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Stocks

Currency woes hit Japan equities exposed to emerging markets

TOKYO -- Japanese companies with heavy presences in emerging markets continued to be sold Tuesday in the Tokyo stock market out of concerns that weaker local currencies could shrink those companies' yen-denominated earnings down the road.

Suzuki Motor, which is strong in India, closed down 3% on that day, marking the third straight losing session. Auto components supplier Toyota Boshoku finished down 1% despite healthy sales in Asian countries. Kansai Paint turned in a record net profit for the April-September half, yet the share price dipped 2% due to its automotive coatings business' exposure in India.

These shares are bucking the trend of the Nikkei Stock Average, which briefly topped the 17,700-point mark to reach highs not seen in roughly nine months.

The divergence became evident after it became clear that Donald Trump had won the race to the White House. Instant noodle maker Toyo Suisan Kaisha commands a strong presence in Mexico. Its share price has dropped nearly 6% since Nov. 8, the date of the U.S. election. Unicharm, whose diapers have been selling well in Asia, has seen its share price fall 2% over the same period.

Emerging currencies have depreciated since the election of Trump, who has pledged an "America First" stance under his presidency. Many believe that he will move toward an economic stimulus package that includes massive infrastructure investments. That has led to long-term Treasury yields rising to roughly 2.3%, a level not seen in 11 months. Consequently, funds are being redirected from emerging nations to the dollar.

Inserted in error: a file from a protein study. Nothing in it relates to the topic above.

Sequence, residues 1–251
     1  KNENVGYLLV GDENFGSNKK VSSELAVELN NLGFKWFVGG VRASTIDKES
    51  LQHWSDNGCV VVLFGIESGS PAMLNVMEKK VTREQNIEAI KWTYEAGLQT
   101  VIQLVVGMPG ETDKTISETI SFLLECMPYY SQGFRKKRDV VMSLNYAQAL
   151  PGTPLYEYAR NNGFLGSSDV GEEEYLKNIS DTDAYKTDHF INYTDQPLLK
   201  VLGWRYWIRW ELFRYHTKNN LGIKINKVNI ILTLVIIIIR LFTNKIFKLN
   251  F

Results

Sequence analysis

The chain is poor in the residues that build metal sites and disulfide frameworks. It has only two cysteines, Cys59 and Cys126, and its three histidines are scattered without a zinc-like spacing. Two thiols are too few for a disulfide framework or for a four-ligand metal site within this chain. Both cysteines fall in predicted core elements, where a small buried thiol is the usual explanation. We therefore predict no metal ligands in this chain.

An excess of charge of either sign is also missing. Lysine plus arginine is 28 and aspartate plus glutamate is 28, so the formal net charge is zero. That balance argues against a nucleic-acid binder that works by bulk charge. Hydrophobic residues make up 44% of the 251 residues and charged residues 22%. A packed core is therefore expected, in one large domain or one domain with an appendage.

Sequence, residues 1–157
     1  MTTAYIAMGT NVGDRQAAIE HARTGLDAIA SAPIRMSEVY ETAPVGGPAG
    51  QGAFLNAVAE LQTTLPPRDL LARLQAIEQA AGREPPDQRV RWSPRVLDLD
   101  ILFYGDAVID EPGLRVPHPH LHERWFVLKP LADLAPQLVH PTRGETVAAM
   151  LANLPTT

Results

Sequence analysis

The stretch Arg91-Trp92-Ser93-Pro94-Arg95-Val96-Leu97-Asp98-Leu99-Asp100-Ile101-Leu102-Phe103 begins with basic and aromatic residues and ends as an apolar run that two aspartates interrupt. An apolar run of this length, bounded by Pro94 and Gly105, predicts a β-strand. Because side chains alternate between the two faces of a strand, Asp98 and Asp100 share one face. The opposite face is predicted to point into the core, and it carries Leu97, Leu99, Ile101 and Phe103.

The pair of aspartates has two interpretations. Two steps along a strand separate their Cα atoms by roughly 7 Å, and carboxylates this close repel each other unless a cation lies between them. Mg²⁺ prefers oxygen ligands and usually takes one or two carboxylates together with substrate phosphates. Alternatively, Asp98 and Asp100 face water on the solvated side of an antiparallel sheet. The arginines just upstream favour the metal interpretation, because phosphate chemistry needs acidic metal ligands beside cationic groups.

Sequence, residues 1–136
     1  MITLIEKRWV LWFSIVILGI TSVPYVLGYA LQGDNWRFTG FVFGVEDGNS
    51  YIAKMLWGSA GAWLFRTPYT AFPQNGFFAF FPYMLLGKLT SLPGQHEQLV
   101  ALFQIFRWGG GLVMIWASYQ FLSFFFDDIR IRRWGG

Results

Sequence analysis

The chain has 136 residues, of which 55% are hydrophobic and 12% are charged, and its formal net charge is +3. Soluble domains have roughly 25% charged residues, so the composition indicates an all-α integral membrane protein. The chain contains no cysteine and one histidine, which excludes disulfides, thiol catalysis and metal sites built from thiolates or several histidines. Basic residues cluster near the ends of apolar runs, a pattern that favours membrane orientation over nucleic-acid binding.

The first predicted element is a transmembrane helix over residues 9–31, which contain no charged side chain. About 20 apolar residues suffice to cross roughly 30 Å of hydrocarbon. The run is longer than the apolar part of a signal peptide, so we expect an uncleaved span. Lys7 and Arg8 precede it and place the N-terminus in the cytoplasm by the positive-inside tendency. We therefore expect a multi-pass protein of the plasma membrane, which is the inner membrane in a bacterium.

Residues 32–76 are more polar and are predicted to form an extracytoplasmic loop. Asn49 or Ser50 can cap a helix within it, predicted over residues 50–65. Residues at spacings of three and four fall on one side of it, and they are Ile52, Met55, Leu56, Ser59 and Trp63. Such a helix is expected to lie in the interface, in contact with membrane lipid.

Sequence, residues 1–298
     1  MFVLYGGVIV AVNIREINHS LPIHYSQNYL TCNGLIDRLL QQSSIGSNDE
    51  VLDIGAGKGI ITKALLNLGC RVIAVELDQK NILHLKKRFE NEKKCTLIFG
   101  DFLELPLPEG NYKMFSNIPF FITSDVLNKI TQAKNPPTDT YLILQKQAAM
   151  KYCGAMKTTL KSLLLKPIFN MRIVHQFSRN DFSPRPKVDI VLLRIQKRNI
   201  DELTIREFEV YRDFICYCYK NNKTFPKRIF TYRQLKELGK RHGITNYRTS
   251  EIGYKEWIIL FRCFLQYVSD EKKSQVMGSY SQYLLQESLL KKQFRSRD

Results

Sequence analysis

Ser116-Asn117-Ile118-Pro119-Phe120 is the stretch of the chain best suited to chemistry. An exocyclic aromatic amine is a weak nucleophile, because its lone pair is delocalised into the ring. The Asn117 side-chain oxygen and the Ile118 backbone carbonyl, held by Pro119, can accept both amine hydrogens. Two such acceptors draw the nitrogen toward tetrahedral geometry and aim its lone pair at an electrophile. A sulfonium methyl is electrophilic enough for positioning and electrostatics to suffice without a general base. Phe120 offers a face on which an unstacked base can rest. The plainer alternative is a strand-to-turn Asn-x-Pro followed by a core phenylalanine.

If the softening currencies end up decelerating local economies, "earnings at Japanese companies may diminish in the future," said Makoto Kikuchi, representative director of Myojo Asset Management.

Many enterprises are already being impacted. Canned coffee maker DyDo Drinco bought out a Turkish beverage company this past February. The company's assumed exchange rate for the Turkish lira in the current fiscal year is 37 yen, but the actual current rate is around 33 yen, roughly 4 yen weaker than DyDo anticipated. Indonesia accounts for about 20% of sales at cosmetics manufacturer Mandom. The rupiah has weakened against the yen more than the company estimated. DyDo and Mandom will both see their yen-converted earnings diminish if those local currencies remain weak.

Fears that developing economies will stagnate could threaten to weigh down on the Japanese stock market as a whole. Persistent expectations that the U.S. will raise interest rates in December are fueling those concerns.

"If emerging financial markets become choppy after a U.S. rate hike, it will put the brakes on the upward trend of Japanese equities," said Takashi Oba, head of the Japanese equities strategy group at Okasan Securities.

If Trump engages in defensive trade actions like stepped-up tariffs, "emerging nations will not be able to benefit from a U.S. economic recovery," warned Toru Nishihama, chief economist at the Dai-ichi Life Research Institute.

(Nikkei)

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